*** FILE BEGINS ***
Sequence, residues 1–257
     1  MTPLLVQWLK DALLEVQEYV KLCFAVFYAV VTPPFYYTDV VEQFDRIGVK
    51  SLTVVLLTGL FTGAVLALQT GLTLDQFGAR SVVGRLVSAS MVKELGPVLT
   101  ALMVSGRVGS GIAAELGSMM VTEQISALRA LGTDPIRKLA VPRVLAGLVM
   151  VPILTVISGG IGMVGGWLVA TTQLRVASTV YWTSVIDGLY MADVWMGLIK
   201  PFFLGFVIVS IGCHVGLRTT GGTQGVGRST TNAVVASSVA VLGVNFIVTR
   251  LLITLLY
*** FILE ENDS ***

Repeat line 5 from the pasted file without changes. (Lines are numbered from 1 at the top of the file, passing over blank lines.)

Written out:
   151  VPILTVISGG IGMVGGWLVA TTQLRVASTV YWTSVIDGLY MADVWMGLIK